October is here–which means pumpkins and pumpkin pie spice. So what makes up the sweet warm combination that spice lovers seem to lose their collective minds over each fall? Let’s take a look.
If you buy pumpkin pie spice the usual combination is cinnamon, ginger, allspice, cloves and nutmeg. Some varieties may exclude either cloves or nutmeg…it’s all a preference thing. The average recipe combines the spices in a ratio with cinnamon as the dominate spice. For example: to 1 tsp. of cinnamon, you would add 1/2 tsp. of ginger, 1/2 tsp. of allspice and 1/4 tsp. of nutmeg and cloves each. Of course you are free to play with the measurements to your own liking. Personally, I like a little more nutmeg and may omit or reduce the allspice.
Eastern nutritional energetics and healing properties
As a general group–all of the spices in pumpkin pie spice are warm/hot pungents. They are all sweet, and drying. So we can look at them as a whole group and then point out some highlights of individual spices.
- Promotes sweating, dispels wind, cold and damp and bolsters the immune system–These warm and hot pungents are all excellent at helping to fight off the onset of a cold or flu. They warm Lungs and strengthen the Wei Qi (your immune system) and drain excess phlegm.
- Warms colds–Too much cold will collapse the Yang (warmth) of the body. Use these spices with any chronic cold condition from 4 Frigid Syndrome (cold hands and feet) to Reynaud’s and extreme cold invasion like hypothermia. Soaking in ginger infused baths is very helpful for extreme cold exposure.
- Stimulates digestion, warms the middle burner–Cold and slow digestive systems benefit greatly from pumpkin pie spices. They all warm Spleen Yang, raise the metabolism, relieve gas, bloating, loose stools and diarrhea.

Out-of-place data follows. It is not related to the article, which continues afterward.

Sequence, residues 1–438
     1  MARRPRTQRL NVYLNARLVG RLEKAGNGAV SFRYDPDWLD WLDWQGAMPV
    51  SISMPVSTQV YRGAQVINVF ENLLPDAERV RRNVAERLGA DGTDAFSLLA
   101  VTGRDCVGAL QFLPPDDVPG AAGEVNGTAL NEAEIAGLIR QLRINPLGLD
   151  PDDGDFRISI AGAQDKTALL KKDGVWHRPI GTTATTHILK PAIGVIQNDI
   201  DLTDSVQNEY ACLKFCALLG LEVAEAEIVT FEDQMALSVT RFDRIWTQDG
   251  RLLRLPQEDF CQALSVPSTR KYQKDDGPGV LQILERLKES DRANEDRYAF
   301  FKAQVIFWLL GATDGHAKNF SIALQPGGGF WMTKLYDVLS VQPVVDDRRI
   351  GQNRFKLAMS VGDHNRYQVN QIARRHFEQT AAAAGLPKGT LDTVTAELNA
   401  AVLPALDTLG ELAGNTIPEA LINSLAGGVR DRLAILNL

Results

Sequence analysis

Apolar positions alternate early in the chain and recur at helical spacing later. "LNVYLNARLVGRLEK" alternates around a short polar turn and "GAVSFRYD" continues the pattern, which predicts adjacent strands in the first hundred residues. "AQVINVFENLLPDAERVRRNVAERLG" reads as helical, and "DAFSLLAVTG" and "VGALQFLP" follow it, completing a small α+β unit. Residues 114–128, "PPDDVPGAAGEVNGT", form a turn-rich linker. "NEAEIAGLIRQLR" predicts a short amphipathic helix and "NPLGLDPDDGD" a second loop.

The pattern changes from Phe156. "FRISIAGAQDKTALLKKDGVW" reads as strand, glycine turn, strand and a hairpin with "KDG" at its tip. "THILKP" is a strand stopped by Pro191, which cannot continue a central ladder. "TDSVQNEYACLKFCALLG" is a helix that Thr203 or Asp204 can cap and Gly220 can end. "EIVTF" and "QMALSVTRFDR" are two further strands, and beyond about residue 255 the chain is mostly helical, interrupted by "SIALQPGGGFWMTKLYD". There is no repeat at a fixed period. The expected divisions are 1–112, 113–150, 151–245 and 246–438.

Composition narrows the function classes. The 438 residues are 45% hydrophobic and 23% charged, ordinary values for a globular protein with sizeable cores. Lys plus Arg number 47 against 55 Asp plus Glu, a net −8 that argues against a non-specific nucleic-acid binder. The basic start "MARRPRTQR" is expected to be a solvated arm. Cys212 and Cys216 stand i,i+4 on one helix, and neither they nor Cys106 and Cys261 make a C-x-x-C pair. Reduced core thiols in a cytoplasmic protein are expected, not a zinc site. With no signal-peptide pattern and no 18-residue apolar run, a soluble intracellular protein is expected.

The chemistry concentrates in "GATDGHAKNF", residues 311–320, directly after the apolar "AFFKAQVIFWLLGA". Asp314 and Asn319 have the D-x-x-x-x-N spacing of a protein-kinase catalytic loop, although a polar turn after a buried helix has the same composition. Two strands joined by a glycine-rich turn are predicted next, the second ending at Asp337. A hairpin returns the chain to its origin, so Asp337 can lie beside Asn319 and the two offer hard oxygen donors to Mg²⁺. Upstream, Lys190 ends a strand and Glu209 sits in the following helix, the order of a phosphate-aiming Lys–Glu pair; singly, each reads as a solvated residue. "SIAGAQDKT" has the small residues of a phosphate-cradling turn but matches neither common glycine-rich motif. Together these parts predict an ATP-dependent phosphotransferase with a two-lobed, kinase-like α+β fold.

- Relieves pain and stops cramping–Anywhere! Especially helpful with menstrual cramps, neck and shoulder pain. If the aching would feel better with the application of heat, internally warming herbs will be helpful.
- Promotes menses–Slow, scanty, late or menses with cramps are caused by stagnation and obstruction of cold and are greatly relieved by the warmth of moving nature of spices in this mix, especially ginger and cinnamon.
- Fights infection and poisons–Chronic infections and skin parasites.
- Creates strength and builds Yang—Have you run yourself ragged? Burnt the candle at both ends? Yang deficiency shows up as fatigue, exhaustion, lack of warmth, chills, low immune system, weight gain, slowed digestion. Think adrenal fatigue or exhaustion, low thyroid, low libido and infertility. Read more about Yang collapse.
- Astringes, drains phlegm, restores and solidifies–These spices help resolve leaking and sagging conditions that we see with chronic conditions like Fibromyalgia, Chronic Fatigue syndrome, diabetes, yeast, soft and flaccid muscles and excess mucus and damp.
Cinnamon bark–Cinnamomum, Gui Zhi– Cinnamon is pungent, astringing, sweet, hot and dry. It stimulates, astringes, restores and solidifies. Tonifies Yang, stimulates circulations, dispels cold and relieves chills. Enters the Heart and Lungs and creates strength. It’s a wise herb that we can actually use in conditions of both excess and deficiency and will help regulate blood, from moving it to stopping excess bleeding.
Ginger– Gingiber, Gan Jiang–Very pungent, slightly sweet, hot and dry. Ginger specifically enters the Lungs, Spleen, uterus, Stomach, digestive system and immune system. Ginger is an emenoguague (brings on the period) and blood thinner, so use with caution if you are pregnant or on blood thinners.
Allspice–Jamaican Pepper. Eugenia Pimenta. The unripened pimento berries native to central America, Mexico and the West Indies. Used to treat indigestion, muscle fatigue and aches, tooth aches and as a laxative.
Cloves–Syzgium aromaticum. Cloves come from an evergreen tree from South East Asia. Approved in Germany as a local anesthetic and antiseptic, they are famously known for their use in dental work. Can close the airways and damage soft tissue.
Nutmeg–Myristica fragrans. Grown in Malaysia and the Caribbean. Warm and sweet, it is the spice that shows up on eggnog in American’s diets, though it readily appears in sweets and meat in Asian and Italian cuisines. It holds pain relieving and aphrodisiac qualities.
Contraindications–All of the herbs in this combination are warm/hot, drying and stimulating. Therefore, they are contraindicated in large amounts if you have a lot of heat, or Yin deficiency heat. Excessive use of any hot and drying herbs will exhaust the Qi and dry up the fluids in the body too….so please don’t go taking shots of cinnamon.